‘Oh Pat, Pat. I can’t possibly field today because I’m suffering from some horrendous foot ailment and also a back spasm. Lend me your magical healing hands and I will be able to go and stand at mid-on for a bit.’
“There’s a line that you don’t cross on the cricket field,” said Virat Kohli, shortly after suggesting that the Australians had been looking to their dressing room for help when deciding whether to review decisions or not.
You realise what this is, don’t you? It’s an allegation of line-crossing.
This is serious stuff, because as you’re no doubt aware, the Australian cricket captain is the one who dictates the location of ‘the line’.
Any activity carried out by Australian players falls into the category of “playing hard but fair” while all other activities are by definition either “soft cricket” or “crossing the line”.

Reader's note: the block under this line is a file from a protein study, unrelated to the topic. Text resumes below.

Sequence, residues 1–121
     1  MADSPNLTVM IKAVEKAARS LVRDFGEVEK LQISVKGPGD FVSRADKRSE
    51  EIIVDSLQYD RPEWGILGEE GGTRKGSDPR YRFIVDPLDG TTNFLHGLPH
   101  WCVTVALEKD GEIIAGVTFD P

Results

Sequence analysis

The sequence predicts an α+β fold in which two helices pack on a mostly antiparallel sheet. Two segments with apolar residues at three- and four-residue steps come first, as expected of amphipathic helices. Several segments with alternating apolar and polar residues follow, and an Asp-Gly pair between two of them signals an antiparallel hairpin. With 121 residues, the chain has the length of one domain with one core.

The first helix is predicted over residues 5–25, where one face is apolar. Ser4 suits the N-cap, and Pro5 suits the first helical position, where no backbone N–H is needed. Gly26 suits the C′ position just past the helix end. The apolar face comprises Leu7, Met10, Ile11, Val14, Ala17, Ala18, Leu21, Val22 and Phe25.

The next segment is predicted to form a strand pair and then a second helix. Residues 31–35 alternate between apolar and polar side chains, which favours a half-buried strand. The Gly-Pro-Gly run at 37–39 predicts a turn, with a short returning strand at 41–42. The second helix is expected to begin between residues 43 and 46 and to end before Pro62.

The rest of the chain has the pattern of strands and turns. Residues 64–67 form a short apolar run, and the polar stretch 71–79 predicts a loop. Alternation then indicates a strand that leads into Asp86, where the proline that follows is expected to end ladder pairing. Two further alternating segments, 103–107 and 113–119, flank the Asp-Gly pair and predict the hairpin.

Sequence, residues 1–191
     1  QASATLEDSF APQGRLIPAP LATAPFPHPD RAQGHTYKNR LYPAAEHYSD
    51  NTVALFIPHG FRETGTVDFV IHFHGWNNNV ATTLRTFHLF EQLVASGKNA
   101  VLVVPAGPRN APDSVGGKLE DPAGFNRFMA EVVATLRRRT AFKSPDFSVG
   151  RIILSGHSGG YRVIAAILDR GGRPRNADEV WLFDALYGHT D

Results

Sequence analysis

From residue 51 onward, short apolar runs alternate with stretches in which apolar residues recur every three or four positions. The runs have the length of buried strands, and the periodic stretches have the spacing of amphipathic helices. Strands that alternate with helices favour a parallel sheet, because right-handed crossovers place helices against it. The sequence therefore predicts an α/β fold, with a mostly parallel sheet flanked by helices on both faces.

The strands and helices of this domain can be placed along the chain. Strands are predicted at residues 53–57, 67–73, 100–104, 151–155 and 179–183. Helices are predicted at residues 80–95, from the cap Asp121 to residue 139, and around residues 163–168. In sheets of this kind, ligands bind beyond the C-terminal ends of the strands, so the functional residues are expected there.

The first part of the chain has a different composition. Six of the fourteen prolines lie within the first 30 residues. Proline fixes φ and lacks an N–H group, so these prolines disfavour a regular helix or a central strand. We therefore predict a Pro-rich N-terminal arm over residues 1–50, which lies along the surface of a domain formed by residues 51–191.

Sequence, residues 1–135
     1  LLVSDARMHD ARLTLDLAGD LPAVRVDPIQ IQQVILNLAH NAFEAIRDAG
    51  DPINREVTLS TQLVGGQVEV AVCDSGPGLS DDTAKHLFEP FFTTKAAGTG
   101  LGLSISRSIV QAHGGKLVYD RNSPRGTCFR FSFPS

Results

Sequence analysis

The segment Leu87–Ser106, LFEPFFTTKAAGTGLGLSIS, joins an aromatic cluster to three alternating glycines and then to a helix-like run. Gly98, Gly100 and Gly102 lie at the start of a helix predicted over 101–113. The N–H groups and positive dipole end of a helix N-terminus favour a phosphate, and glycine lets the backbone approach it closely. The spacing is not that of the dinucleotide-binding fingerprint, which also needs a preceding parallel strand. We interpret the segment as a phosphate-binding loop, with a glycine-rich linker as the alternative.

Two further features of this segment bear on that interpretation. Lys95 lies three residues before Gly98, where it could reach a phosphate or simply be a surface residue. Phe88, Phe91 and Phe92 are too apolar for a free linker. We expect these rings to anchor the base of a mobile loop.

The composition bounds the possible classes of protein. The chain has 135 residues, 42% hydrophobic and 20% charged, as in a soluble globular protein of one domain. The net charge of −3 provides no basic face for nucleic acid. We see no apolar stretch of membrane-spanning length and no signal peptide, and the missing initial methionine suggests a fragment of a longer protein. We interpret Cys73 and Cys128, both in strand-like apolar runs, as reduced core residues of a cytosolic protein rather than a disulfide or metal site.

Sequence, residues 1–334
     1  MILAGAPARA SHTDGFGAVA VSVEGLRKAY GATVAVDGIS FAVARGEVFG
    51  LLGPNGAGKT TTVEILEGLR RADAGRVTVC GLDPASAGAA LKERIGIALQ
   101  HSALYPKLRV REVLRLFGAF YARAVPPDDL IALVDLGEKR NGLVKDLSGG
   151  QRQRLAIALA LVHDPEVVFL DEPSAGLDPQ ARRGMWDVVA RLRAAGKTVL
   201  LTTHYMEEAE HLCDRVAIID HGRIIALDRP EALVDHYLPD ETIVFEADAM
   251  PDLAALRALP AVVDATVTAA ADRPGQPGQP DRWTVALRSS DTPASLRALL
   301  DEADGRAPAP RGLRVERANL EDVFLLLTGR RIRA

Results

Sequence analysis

No-one fulfilled the role better than Michael Clarke, a man who fully understood the mobility and flexibility of the line. Clarke would no doubt agree with Steve Smith that seeking out the opinion of a third party when mulling whether or not to call upon the decision review system merely constitutes “a bit of a brain fade.”
It is, quite frankly, an outrage that Virat Kohli should slander the Australians in this way. It is surely obvious to us all that the Australians, with their poor faded brains, would never breach the line. The line is sacred.
Virat has crossed the line on this line-crossing thing.
It would seem a bit much to give the opposition a 1.4 Test head start in a three Test series. The finish line could be crossed with little more than a trip and a fall.
Apparently this is a four Test series though, so perhaps India aren’t quite as devil-may-care as we assumed they were when we first embarked on this article.